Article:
Risks Faced in Retirement #10: Liquidity Risk

I recently read a definition of liquidity risk that called it “the inability to have assets available to financially support unanticipated cash flow needs.” You could translate that as: “Stuff happens and you need to have enough cash to cover that stuff when it happens.” The “stuff” is an unusual, nonrecurring expense like a big car repair or dentist bill.

Liquidity risk can be especially dangerous if you are retired and living on your investments.

Risks Faced in Retirement #9: Interest Rate Risk

Whether they’re going up or down, interest rates can have a big effect on your investments, and therefore have the potential to pose a risk (or a benefit) to your financial wellbeing.

When interest rates go up (as they’ve been doing), bond investments tend to go down, which could decrease the value of any older bonds you possess. For example,

if you have a bond that pays 3 percent and rates rise to 5 percent on the open market,

Risks Faced in Retirement #8: Market Risk

People in their 20s and 30s are often told that they can invest aggressively, especially when they don’t anticipate that they’ll be living on their investments for years. But once you get within 5 years of retirement, I think you should start thinking about preserving what you already have. How do you do that? Part of the process is to understand the threats to your financial wellbeing—like market risk.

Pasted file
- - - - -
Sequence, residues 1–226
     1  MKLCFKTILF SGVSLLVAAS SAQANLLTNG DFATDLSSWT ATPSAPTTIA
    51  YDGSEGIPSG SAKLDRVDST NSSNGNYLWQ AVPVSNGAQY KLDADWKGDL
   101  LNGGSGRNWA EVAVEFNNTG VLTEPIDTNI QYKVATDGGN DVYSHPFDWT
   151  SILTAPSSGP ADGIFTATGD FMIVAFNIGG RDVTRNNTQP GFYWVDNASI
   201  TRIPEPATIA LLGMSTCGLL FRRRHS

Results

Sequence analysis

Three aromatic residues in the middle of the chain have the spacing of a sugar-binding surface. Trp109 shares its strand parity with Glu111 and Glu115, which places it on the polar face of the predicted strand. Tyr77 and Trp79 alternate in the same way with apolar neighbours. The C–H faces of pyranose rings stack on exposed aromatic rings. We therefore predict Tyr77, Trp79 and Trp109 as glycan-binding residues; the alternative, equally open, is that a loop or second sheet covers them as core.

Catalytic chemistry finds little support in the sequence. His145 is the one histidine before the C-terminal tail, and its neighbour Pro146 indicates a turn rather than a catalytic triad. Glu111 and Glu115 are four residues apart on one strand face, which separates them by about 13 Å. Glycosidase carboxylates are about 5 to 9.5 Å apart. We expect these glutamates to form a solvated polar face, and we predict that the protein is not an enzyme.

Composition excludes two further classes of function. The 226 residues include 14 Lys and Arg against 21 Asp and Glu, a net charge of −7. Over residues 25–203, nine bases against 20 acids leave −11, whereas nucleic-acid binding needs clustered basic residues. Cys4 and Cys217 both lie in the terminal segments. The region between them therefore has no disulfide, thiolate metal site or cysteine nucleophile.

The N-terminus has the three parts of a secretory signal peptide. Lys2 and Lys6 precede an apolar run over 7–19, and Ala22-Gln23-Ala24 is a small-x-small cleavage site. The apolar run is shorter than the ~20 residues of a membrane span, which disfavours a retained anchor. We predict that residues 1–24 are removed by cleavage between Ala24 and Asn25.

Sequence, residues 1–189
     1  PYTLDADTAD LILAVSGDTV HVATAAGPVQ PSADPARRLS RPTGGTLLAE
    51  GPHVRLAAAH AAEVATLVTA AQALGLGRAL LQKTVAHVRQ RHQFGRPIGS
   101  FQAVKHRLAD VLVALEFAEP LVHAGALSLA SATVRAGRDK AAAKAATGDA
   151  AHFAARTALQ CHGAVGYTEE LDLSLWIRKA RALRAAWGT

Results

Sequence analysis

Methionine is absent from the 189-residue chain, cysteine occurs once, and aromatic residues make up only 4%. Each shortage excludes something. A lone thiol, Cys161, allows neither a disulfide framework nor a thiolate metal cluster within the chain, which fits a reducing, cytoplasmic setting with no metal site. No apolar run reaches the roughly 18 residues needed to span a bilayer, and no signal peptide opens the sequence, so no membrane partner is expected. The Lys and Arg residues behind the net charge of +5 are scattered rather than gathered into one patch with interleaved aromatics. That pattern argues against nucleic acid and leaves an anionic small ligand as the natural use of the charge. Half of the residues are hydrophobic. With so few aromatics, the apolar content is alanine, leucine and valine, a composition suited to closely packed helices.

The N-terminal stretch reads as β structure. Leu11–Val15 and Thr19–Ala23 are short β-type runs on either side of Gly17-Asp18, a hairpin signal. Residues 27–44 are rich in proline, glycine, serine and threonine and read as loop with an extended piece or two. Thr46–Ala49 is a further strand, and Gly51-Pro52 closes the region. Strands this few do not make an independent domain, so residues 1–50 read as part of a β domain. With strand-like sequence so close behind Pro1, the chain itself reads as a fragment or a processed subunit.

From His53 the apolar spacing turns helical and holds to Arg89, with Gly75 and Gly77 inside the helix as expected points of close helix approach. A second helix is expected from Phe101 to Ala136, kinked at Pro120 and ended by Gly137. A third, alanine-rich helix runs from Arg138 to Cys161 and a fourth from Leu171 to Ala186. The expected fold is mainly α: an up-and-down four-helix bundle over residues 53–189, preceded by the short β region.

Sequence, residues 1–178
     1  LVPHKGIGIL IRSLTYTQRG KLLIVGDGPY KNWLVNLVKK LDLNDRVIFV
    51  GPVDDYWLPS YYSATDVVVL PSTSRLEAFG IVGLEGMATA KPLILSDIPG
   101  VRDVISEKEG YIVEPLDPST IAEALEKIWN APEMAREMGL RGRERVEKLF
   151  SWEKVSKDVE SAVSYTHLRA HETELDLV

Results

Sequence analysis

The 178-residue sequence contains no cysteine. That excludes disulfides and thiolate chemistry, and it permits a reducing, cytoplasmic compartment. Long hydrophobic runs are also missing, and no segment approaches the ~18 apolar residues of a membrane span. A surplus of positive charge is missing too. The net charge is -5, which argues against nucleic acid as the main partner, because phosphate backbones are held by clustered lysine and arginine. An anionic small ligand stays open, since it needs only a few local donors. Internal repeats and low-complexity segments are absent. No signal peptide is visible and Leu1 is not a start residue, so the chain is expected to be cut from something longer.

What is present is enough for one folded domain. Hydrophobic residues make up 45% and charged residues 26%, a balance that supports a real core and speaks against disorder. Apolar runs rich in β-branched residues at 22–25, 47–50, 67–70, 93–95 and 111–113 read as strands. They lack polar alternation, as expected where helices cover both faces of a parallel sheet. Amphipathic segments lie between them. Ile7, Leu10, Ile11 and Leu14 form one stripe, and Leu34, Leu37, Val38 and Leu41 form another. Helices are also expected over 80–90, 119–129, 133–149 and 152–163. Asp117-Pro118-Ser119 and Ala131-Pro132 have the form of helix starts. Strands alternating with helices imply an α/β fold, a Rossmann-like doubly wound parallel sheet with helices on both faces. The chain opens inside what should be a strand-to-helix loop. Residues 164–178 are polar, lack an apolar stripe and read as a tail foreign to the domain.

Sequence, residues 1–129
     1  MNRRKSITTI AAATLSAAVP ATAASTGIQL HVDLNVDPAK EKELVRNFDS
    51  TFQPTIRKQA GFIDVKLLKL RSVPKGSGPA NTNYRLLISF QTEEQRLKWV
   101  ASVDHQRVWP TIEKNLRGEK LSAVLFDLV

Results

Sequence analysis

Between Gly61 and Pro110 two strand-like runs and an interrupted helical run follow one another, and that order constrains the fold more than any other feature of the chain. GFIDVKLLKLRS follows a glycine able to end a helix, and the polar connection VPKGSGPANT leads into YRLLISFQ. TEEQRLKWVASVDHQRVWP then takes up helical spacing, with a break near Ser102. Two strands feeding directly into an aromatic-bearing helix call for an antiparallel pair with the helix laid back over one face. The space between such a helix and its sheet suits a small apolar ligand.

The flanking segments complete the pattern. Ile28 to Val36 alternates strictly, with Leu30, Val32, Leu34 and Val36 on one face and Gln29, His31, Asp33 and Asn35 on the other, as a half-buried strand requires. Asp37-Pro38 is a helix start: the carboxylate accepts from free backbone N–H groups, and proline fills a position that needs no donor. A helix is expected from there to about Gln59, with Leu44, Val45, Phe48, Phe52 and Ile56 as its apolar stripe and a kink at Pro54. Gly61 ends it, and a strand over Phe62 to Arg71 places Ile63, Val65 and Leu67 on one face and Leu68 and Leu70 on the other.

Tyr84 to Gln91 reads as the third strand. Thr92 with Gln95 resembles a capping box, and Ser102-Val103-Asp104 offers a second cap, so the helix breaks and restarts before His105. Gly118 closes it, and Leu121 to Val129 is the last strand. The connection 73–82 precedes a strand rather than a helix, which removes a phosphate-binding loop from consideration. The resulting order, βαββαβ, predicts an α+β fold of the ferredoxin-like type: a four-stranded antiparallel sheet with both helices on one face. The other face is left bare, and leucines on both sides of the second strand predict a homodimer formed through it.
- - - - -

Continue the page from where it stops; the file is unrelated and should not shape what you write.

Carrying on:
Retirement researcher Wade Pfau studied the impact of market risk on retirement income planning by measuring 151 hypothetical portfolios.

Risks Faced in Retirement #7: Frailty

As financial advisors, we help clients with their investments. But there’s more.  In my opinion, a good financial advisor looks at the risks his or her clients will face during retirement and then builds a plan to address those risks. So we at Money Matters make it our job to understand the financial risks faced by retirees.

One of those risks is frailty, the result of deteriorating mental or physical health. In this situation,

Risks Faced in Retirement #6: Elder Financial Abuse

It’s an unfortunate fact: People age 70 and older are prime targets for financial abuse and fraud. Victims come from every ethnic and socioeconomic group, but the ones most likely to fall prey to financial abuse are women, 70 to 89 years old. Many are never the same emotionally after being taken advantage of by someone they trust. And disturbingly, 55 percent of the perpetrators are family members, friends, neighbors, and caregivers. Sixty percent of family perpetrators are adult children.

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